Due to the large body of knowledge which neuroimaging has achieved over the last three decades, we have gained a fresh view of the brain which could help us make predictions for new imaging instruments to come, such as ultra high field MRI. By doing so, switching back and forth between physics and neurobiology, we come to a sense that time and space in the brain, as in the Universe, are, indeed, tightly mingled, and could be unified through a brain 'spacetime'. Thinking about a speed limit for action potentials flowing along myelinated axons led us to envision a 4-dimensional brain spacetime which holds to a relativistic pseudo-diffusion principle and functional curvature governed by brain activity, in a similar way gravitational masses give our 4-dimensional Universe spacetime its curvature. (Abstract excerpts, edits).

In consideration of neuroimaging achievements over the last 3 decades we thought that we could perhaps look at the brain with a fresh view which could unveil those “old” things in a new framework. By doing so, switching back and forth between physics and neurobiology, we came across the view that time and space in the brain, as in the Universe, were, indeed, tightly mingled, and might fade away to be unified through a brain “spacetime”. Further thinking led us to realize that this 4-dimensional brain spacetime would obey a kind of relativistic principle and present a functional curvature generated by brain activity, in a similar way gravitational masses give our 4-dimensional Universe spacetime its curvature. We then looked at how this whole-brain framework may shed light on clinical observations of dysfunctions and disorders. (2, edits)

Following the arguments developed above one should not find it objectionable, we hope, that the brain may be viewed in some way as a physical “object” embedded in a 4D enclosure. As such, the brain which is part of the Universe must obey Universephysical laws. After all, the perceptionwe have of the external world, the Universe, comes from our internal world, that is our mind in our brain, and it should not come as a surprise that our understanding of the Universe and our brain are irremediably connected. Hence, considering that the brain represents a kind of Universe itself one may envision how physical laws could be revisited, directly or through analogical derivations to provide a framework useful to better represent and perhaps understand how the brain works as a whole system. (10)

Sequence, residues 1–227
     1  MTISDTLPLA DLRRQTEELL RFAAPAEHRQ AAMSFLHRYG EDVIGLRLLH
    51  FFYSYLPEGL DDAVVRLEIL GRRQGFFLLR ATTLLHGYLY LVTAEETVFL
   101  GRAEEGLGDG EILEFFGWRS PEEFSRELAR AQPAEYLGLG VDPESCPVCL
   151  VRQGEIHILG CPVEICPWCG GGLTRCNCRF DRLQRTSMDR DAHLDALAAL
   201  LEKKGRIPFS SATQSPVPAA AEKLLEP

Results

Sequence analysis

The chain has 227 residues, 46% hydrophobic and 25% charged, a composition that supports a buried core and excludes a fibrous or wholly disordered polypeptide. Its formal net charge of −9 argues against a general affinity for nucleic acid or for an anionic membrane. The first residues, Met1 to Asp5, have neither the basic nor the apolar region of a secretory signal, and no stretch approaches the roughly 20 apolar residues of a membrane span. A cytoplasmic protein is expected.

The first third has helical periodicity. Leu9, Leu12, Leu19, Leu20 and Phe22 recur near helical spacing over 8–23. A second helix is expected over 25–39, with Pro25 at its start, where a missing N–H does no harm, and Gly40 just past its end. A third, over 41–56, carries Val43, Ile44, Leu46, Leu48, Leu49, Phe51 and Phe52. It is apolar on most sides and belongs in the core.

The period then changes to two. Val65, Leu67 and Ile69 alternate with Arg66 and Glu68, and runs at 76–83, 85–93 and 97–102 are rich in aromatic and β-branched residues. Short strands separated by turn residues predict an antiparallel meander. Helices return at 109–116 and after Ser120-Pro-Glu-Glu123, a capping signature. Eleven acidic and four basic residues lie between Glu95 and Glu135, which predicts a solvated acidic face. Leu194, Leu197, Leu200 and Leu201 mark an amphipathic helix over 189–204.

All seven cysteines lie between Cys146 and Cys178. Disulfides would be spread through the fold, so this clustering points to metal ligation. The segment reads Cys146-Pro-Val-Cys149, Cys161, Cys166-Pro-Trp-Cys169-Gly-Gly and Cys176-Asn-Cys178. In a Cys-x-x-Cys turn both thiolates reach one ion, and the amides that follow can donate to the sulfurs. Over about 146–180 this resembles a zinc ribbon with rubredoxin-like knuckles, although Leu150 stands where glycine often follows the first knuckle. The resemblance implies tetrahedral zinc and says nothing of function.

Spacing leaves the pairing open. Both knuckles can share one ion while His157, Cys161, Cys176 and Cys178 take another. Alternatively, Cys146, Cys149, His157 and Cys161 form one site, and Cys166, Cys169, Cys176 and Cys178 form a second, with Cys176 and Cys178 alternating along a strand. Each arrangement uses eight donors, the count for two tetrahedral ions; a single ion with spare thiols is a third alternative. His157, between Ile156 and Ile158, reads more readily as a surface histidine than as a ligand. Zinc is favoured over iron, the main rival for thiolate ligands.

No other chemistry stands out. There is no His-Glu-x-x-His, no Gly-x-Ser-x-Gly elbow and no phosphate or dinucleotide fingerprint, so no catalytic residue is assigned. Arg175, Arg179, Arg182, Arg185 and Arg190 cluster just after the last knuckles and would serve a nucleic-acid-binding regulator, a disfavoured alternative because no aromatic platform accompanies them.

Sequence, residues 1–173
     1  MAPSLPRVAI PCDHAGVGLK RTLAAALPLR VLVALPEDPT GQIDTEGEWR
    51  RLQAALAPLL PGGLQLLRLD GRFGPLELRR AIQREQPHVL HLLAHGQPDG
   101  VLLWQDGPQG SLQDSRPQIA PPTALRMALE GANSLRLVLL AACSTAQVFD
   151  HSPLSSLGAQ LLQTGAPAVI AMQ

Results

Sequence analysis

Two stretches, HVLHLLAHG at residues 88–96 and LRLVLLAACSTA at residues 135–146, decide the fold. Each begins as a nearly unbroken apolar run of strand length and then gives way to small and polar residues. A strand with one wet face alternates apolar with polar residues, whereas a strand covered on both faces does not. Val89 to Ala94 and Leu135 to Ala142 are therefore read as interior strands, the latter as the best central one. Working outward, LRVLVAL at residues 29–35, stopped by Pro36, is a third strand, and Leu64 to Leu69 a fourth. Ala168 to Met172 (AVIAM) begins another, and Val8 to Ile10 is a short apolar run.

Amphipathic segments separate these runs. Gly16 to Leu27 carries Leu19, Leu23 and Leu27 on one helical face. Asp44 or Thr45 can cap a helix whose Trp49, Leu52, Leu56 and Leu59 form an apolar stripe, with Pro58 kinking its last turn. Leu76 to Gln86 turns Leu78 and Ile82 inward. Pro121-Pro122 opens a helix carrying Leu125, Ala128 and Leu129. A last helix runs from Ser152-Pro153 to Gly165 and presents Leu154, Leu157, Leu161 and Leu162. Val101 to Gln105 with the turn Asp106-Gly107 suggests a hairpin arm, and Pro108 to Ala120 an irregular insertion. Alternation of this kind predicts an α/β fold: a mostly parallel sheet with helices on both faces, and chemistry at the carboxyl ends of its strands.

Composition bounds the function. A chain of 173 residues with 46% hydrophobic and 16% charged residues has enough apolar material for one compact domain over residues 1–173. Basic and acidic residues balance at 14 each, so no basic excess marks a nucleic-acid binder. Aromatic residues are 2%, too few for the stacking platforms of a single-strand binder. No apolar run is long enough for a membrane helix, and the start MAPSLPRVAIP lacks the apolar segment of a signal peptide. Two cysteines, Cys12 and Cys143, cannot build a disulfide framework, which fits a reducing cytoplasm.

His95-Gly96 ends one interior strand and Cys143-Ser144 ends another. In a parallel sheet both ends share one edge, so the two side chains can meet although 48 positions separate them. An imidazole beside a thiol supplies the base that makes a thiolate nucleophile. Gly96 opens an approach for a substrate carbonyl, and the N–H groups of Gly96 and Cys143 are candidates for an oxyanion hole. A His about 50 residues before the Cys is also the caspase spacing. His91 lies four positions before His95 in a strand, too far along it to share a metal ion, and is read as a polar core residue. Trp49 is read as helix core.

Lee, Chiu Fan and Jean David Wurtz. Novel Physics Arising From Phase Transitions in Biology. Journal of Physics D. 52/2, 2019. In a Special Issue on Collective Behaviour of Living Matter, Imperial College London bioengineers enter another example of the current synthesis of physical phenomena with living systems via a formative agency whence life transitions in kind through serial evolutionary and developmental phases. Thus, universal behaviors previously noted at condensed matter critical points can likewise be seen to occur in biological activities. A further aspect is that many free, contingent entities are yet seen to give rise to an overall coherence. By turns, as worldwide physical and biological sciences cross-inform, a unitary organic procreative ecosmos gains a revolutionary veracity. The work merited notice in Nature Physics (Jan. 2019) as Biological Transitions by Mark Buchanan. Also in this issue, e.g., see Phase Transitions in Huddling Emperor Penguins, Density Distributions and Depth in Flocks, and Emergence of Cooperativity in a Model Biofilm in this collection. See also Physical Principles of Intracellular Organization via Active and Passive Phase Transitions by Joel Berry, et al in Reports on Progress in Physics (81/4, 2018). The third quote is the Issue proposal by Ben Fabry, et al.

Phase transitions, such as the freezing of water and the magnetisation of a ferromagnet due to temperature changes, are familiar physical phenomena. Lately, such collective behaviours at a phase transition are similarly found in effect for living systems. From cytoplasmic organisation inside a cell to the migration of cell tissue during development, phase transitions have emerged as key mechanisms underlying many biological processes. However, a living system is fundamentally different from a thermal system, with metabolism and motility being two hallmarks of its nonequilibrium nature. In this review, we will discuss how such driven chemical reactions can arrest universal coarsening kinetics expected from thermal phase separation, and how motility leads to the emergence of a novel universality class when the rotational symmetry is spontaneously broken. (Abstract edits)